The situation regarding regulated online gambling in Pennsylvania seems to get more complex by the day – if the two legislative chambers ever agree on the language of the bill. Proceeds from regulated online gambling were supposed to contribute towards $500 million gap in the state´s budget, but now may be used to replace the “local share tax” deemed unconstitutional by the Supreme Court in October.
There has also been some notable opposition to the bill from a leading politician. Senator Robert Tomlinson recently urged colleagues in the House of Representatives to consider underage gambling, problem gambling, cannibalization and actual revenues before passing any bill returned to the House from the Senate next year. His concerns are largely unjustified and have been dismissed before, but they keep getting air time and could be taken on board by enough legislators to prevent legislation passing.
The Potential New Kids on the Block
If Pennsylvania does eventually pass legislation to regulate online gambling, it could prompt neighboring states to take action. Massachusetts nearly passed online gambling legislation in 2013, while Connecticut may consider it if revenues from its brick and mortar casinos continue to decline. Ohio, Rhode Island and Illinois are other contenders that may discuss online gambling regulation in 2017.Indiana might also appear on the radar in 2017 now that former governor Mike Pence has stepped down to become Donald Trump´s VP. Whereas Pence – a co-sponsor of UIGEA and a supporter of RAWA – was definitely anti-legislation, his successor Eric Holcomb is considered to be more open to regulated online gambling as a way of reducing the number of “reversions” in the state´s budget.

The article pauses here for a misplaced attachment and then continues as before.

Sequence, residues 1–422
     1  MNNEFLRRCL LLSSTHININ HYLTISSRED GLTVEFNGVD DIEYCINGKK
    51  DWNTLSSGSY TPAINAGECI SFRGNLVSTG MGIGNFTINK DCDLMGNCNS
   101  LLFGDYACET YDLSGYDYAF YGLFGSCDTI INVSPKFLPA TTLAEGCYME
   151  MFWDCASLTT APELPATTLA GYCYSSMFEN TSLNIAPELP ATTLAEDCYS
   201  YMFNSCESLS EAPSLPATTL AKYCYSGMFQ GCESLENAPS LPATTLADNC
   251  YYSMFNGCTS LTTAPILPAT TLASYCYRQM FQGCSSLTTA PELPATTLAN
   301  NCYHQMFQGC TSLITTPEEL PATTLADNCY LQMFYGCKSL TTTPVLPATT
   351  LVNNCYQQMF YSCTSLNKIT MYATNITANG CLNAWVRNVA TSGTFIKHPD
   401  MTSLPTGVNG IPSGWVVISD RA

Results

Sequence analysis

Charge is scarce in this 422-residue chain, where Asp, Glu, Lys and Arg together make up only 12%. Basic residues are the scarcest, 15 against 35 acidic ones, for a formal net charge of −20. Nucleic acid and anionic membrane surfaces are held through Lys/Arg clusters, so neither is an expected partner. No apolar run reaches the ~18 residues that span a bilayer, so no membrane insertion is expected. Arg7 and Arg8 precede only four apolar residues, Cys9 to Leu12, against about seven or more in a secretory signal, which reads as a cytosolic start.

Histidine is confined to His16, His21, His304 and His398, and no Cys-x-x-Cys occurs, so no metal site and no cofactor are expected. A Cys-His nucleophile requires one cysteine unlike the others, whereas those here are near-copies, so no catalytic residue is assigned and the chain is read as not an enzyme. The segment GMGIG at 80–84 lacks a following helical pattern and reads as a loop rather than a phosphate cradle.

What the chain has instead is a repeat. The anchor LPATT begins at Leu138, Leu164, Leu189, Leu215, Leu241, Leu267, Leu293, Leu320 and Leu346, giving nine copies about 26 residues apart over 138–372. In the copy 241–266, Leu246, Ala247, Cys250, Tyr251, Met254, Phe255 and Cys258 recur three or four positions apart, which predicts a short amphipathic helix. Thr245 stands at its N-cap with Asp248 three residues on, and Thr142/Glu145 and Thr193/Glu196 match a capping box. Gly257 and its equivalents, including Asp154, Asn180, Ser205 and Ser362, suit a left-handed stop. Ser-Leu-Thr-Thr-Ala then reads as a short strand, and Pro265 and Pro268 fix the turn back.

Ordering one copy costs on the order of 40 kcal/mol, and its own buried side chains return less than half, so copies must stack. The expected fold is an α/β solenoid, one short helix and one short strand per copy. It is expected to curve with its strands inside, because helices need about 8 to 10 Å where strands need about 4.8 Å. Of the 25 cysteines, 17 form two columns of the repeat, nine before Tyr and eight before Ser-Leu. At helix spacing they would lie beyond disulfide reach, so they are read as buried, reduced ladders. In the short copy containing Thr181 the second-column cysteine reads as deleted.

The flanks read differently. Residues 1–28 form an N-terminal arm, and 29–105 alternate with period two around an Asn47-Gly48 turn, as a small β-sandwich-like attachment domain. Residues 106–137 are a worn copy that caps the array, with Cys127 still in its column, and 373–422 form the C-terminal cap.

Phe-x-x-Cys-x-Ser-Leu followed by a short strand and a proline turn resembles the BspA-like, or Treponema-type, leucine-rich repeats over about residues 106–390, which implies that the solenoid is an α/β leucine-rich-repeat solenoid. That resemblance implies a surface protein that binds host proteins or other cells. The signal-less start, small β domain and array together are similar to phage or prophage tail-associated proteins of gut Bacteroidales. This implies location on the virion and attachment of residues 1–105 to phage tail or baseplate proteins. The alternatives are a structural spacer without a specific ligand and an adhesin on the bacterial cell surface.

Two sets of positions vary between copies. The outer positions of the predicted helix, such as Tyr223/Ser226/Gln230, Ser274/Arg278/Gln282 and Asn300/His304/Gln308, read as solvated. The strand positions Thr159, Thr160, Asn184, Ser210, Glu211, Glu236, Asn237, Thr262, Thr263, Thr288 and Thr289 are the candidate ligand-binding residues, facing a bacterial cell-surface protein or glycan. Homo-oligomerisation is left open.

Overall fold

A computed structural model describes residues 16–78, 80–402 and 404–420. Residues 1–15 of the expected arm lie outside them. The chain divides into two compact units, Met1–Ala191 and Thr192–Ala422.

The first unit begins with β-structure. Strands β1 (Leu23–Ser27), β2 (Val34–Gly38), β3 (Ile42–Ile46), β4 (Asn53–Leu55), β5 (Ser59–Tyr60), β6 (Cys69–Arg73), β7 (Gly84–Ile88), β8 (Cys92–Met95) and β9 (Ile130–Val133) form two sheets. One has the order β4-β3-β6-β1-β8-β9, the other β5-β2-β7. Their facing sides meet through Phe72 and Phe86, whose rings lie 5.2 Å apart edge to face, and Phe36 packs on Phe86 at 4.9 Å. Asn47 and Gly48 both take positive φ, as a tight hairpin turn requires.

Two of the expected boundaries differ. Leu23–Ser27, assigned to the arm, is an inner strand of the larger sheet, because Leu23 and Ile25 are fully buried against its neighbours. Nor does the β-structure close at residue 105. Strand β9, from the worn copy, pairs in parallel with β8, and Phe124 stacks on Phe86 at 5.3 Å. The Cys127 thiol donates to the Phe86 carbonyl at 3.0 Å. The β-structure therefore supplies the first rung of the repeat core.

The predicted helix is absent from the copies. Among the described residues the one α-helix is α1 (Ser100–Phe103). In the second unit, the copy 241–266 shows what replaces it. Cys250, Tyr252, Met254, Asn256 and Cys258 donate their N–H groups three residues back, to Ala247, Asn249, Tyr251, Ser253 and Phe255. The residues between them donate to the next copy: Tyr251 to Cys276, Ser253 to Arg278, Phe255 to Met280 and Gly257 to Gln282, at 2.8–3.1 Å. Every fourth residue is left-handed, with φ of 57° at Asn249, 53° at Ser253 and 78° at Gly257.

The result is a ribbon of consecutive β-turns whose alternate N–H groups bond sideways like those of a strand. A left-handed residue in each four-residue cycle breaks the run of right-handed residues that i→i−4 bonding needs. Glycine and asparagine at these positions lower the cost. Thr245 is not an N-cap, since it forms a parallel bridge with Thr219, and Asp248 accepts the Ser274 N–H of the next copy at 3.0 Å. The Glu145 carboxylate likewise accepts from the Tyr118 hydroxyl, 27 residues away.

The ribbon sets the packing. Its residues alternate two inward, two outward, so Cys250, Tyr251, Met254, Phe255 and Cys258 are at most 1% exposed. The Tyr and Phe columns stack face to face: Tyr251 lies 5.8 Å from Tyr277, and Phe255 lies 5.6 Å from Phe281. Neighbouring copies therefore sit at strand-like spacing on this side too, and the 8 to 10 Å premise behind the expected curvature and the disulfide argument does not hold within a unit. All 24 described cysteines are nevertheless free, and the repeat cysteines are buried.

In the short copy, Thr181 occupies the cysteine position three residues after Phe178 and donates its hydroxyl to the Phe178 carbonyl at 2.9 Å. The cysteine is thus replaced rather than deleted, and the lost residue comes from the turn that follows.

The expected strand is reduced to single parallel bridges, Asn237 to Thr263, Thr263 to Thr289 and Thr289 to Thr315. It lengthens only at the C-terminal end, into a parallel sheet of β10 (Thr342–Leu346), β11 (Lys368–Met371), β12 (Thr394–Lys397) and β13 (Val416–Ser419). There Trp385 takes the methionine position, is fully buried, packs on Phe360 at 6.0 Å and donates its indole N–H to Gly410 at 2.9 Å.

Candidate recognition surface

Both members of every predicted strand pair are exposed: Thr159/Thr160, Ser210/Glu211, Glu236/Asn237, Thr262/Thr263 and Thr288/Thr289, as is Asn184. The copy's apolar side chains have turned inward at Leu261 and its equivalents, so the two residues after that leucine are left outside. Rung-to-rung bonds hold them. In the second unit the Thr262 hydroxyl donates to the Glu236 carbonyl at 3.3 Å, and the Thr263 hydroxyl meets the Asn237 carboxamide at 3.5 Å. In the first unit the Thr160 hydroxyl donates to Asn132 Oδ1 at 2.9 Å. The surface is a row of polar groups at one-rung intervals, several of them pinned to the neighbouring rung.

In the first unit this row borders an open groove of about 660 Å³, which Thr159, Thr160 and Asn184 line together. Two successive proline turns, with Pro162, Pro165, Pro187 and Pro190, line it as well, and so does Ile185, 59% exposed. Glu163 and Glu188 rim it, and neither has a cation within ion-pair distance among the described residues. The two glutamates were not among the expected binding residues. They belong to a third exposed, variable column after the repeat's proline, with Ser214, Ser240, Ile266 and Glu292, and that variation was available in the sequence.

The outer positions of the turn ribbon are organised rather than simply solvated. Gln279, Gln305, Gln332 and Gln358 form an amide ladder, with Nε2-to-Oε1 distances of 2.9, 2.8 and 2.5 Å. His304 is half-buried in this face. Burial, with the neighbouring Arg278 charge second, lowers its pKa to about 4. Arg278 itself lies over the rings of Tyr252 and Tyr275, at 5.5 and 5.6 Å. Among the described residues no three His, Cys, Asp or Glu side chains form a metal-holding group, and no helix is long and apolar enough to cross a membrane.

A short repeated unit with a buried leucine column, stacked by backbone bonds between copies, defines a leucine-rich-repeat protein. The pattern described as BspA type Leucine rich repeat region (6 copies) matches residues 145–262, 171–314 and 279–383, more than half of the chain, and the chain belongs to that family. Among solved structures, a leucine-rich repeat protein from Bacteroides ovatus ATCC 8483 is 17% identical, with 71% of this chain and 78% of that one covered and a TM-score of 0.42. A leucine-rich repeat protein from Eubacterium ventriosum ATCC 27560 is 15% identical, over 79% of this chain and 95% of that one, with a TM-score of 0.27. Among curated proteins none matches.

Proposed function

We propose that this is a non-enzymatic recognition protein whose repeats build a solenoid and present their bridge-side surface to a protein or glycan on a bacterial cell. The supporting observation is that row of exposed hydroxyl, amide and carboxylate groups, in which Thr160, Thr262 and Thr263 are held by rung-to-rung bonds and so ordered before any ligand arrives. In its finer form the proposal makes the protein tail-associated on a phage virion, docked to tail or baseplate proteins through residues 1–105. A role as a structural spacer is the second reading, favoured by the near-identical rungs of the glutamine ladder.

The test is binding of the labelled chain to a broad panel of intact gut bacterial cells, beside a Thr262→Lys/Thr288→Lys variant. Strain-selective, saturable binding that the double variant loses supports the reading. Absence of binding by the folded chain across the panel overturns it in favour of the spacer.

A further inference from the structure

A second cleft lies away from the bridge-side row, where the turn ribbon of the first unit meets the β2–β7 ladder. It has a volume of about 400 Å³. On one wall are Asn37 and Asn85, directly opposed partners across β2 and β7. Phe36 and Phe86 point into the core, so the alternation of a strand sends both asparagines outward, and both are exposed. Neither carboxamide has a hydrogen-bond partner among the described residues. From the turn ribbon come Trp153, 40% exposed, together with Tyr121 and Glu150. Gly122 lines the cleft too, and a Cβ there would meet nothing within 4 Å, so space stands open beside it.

Other Factors to Consider in 2017
There are plenty of other factors to consider in relation to the regulation of online poker in 2017. Caesar´s possible bankruptcy, underwhelming revenues from the three states that have regulated online poker, a lack of grass-roots support and how much effort PokerStars will put into driving regulation forward – the participation of PokerStars probably being the biggest factor of all.
The only bright light for proponents of regulated online poker in the US last year was PokerStars finally getting a license to operate in New Jersey. However, since March, the anticipated dominance of the world´s largest online poker site in the Garden State has failed to materialize, and its first live Festival event at the Resorts Casino was so poorly attended that many events had to be cancelled.
PokerStars´ parent company – Amaya – has its own problem at the minute and, with the company likely to oppose any legislation in California that doesn´t involve them, and unlikely to support legislation anywhere that is unprofitable, it is hard to see the world´s largest online poker site dedicating a load of resources to push for regulation in 2017.
There are a few outside chances of individual states passing legislation to regulate online poker. There might also be a few surprises with previously unconsidered states coming out of the woodwork. However the likelihood is that in twelve months´ time – when poker news sites compile their reviews of 2017 – many will be writing the same headline in respect of online poker regulation in the US – “Déjà vu”.